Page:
Biological and pharmaceutical company Catalent (NYSE:CTLT) has had a really difficult ride over the past year. Down 46.99 percent in 12 months, the stock has cratered as revenues and earnings driven by the medical demands of the COVID-19 pandemic dried up.
Recently, however, Catalent has seen a small bounce in its share price. In the past month alone, the stock has advanced 7.53 percent. So why is Catalent share price up?
Let’s get to know Catalent to understand what’s sparking the recent rally.
Catalent is a contract developer and manufacturer of biological and pharmaceutical products. One of its key product categories is oral soft gels, which it develops for a variety of both prescription and over-the-counter medications.
Catalent also develops gene and cell therapy solutions for clinical use. According to Catalent’s self-reported metrics, the company is involved in the manufacturing of more than 8,000 products and participates in more than 1,000 partner programs.
Why Did Catalent Stock Go Up?
One of the main factors in Catalent’s recent rise was better-than-expected revenue in its quarterly earnings report.
The most recent quarter saw total revenue of $1.07 billion, compared to analyst expectations of $1.05 billion. This revenue beat did, however, come with an asterisk attached. Although Catalent outperformed expectations, its revenues were still 17 percent lower than in the same quarter a year ago.
Another driver of Catalent’s increasing share prices is the recently announced involvement of activist firm Elliott Investment Management.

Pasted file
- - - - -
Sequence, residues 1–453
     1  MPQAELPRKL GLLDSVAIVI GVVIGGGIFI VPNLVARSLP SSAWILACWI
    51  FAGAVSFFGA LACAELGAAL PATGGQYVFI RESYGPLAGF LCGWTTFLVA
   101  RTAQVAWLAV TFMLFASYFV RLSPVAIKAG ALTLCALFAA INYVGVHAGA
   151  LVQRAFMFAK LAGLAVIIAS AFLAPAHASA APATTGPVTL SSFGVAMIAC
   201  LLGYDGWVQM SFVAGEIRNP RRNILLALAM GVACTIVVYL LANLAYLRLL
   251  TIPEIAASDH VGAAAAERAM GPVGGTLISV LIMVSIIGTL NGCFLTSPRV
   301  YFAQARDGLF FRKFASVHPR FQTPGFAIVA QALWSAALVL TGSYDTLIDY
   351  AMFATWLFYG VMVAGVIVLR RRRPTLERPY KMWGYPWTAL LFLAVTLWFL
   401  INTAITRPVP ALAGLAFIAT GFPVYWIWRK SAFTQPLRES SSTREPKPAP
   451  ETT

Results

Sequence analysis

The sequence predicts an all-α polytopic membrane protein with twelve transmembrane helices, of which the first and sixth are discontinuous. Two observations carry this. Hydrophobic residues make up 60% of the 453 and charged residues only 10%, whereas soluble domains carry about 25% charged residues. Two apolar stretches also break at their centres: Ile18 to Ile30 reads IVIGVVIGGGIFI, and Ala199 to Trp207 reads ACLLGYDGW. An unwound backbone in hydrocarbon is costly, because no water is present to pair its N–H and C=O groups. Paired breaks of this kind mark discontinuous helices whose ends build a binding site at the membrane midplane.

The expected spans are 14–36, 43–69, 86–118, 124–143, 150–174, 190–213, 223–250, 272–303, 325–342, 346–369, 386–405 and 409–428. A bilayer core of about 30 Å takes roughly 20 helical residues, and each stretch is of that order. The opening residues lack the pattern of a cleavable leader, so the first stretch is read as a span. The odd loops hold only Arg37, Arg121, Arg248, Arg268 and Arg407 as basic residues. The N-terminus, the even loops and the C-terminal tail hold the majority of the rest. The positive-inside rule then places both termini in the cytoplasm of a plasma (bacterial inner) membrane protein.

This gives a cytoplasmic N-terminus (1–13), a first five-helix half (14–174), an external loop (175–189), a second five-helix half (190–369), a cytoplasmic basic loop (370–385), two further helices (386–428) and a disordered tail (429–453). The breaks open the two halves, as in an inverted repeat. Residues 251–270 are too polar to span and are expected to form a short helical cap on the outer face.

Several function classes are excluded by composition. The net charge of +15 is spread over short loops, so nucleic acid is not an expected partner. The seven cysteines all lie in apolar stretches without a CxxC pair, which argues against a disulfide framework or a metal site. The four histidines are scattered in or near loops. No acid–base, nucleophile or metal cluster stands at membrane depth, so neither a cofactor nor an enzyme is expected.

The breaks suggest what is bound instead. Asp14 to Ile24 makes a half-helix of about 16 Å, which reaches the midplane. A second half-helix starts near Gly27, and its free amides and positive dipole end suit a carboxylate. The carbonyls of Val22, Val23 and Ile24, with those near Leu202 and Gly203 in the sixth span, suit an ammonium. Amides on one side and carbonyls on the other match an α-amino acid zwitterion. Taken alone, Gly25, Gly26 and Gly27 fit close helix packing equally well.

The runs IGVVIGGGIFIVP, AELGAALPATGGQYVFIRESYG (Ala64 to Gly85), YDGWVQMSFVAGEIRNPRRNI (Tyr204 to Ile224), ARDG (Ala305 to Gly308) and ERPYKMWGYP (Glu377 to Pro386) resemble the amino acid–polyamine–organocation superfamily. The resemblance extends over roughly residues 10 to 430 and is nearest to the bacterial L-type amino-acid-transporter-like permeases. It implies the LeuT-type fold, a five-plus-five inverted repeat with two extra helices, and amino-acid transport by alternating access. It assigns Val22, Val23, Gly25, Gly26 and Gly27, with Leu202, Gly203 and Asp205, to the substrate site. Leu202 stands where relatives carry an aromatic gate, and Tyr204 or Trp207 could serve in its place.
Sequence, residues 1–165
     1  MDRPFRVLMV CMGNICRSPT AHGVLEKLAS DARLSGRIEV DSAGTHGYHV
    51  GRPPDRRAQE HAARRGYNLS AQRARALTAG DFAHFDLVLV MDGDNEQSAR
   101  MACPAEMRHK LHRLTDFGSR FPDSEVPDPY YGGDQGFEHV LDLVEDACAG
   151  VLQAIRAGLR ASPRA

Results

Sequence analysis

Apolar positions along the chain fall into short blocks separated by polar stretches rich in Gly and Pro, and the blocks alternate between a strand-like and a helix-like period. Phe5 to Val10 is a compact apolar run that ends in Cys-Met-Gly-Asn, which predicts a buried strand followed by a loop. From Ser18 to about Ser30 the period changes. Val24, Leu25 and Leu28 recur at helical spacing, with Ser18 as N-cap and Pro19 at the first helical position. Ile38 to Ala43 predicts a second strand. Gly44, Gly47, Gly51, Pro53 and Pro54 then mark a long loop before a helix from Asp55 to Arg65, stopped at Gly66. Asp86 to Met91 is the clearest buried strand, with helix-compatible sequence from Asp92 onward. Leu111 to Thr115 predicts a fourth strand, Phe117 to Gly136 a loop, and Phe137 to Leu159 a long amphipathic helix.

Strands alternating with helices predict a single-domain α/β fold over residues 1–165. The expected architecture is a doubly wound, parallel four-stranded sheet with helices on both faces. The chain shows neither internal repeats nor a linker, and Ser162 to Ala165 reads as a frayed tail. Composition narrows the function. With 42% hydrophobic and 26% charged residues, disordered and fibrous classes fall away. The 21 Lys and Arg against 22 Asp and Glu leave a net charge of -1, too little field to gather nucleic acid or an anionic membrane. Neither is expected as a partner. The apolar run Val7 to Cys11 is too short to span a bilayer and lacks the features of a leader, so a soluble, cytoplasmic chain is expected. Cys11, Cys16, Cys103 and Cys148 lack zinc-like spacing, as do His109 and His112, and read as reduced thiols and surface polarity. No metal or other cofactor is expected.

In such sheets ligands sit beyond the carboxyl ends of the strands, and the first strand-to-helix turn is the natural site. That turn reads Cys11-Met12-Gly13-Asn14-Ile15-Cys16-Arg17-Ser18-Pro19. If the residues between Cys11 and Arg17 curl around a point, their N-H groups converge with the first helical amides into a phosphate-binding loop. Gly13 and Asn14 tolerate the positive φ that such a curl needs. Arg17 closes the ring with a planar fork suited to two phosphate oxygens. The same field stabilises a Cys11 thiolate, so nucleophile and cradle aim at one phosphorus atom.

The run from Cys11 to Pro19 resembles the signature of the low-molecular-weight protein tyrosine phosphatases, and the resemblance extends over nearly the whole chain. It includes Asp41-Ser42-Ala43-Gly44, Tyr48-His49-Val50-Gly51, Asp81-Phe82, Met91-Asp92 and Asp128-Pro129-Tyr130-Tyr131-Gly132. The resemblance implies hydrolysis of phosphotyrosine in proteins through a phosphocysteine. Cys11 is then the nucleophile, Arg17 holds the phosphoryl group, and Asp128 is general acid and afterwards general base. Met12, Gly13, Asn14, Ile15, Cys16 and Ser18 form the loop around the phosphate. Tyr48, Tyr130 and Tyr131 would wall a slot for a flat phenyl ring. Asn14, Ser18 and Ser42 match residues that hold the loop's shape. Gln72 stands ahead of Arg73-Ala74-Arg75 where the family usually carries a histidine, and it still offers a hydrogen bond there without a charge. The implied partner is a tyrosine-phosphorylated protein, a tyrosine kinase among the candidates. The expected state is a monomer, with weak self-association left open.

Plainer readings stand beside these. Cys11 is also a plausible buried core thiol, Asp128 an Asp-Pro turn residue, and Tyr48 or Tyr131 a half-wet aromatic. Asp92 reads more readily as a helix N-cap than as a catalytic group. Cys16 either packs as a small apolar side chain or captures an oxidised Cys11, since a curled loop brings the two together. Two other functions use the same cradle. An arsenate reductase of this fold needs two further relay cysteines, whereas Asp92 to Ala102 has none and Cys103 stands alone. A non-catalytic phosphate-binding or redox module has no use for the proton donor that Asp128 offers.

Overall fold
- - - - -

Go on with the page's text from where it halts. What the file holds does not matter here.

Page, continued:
Elliott placed four new members on the board of Catalent, giving it a great deal of say in the future activities of the company. Thanks to its internationally recognized prowess as an activist fund, announcements of Elliott’s involvement with a company tend to result in short-term increases in share prices.
A final piece of the puzzle is Catalent’s relatively positive forward guidance. For FY2024, the company projects total revenues of $4.3 to $4.5 billion and an adjusted EBITDA in the range of $680-760 million.
This would represent a massive improvement against FY2023’s adjusted EBITDA, which totaled just $139 million and was down 61 percent from 2022.
Analysts Forecast Catalent Shares Hit $50
Analysts currently project Catalent shares to reach a median target price of $50 over the next 12 months. This represents a 3.5 percent increase compared to the most recent price of $48.29. This could put the stock in a position to considerably underperform the broader market.
Catalent may also be overvalued at its current price. At 55 times forward earnings, the stock is priced with the expectations of high future growth ahead.
Barring a meaningful turnaround brought about by Elliott Management’s involvement, Catalent appears to trade at a price that is not justified by its underlying fundamentals.
Poor Earnings Hurt Catalent
At the core of Catalent’s risks are its poor profitability metrics. The company’s net margin over the trailing 12-month period has averaged -5.4 percent, resulting in a full-year loss of $1.30 per share.
In addition, Catalent’s return on equity is just 3.2 percent. Without sharp improvements in profitability, Catalent’s resurgence may prove to be short-lived.